Japan's economy grew 0.3% in the three months from July to September, revised data showed today, just weeks after initial estimates showed that it had fallen into recession. 

The strong upward revision - from an earlier reading of a 0.2% contraction - comes on the back of upbeat factory output and capital spending that stoked optimism over the state of the world's number three economy. 

On an annualised basis, which stretches the data across a full year, Japan's gross domestic product expanded by 1% in the third quarter, the figures showed. 

The initial data threatened to deal an additional blow to Prime Minister Shinzo Abe.

He has staked his reputation on a policies of fiscal spending, aggressive monetary policy easing and structural reforms - dubbed Abenomics - aimed at reviving the long-struggling economy.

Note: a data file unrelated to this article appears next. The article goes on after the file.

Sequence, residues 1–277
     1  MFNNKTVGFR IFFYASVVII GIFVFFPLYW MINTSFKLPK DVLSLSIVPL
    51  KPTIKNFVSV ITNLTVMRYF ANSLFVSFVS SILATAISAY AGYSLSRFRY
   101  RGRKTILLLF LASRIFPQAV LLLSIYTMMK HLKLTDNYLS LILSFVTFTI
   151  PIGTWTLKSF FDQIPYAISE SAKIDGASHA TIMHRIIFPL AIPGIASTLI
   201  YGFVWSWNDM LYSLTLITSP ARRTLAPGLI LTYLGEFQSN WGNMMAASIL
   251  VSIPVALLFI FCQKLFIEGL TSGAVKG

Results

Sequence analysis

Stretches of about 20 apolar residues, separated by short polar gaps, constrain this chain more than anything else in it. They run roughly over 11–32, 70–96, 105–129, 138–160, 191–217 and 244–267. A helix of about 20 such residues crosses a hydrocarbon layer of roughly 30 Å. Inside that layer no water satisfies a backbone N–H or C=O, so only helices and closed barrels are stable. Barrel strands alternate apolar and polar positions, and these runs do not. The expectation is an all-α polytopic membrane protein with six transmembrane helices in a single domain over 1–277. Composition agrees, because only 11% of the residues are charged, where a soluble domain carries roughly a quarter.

The Japanese economy fell into a brief recession in 2014 after consumers tightened their belts as Tokyo hiked the country's consumption tax.

That downturn encouraged the Bank of Japan to sharply increase its already massive bond-buying programme - a cornerstone of Abenomics - effectively printing money to boost lending. 

But the moves, and Abe's efforts to overhaul Japan's highly regulated economy, have been slow going as the premier marks his third year in office later this month.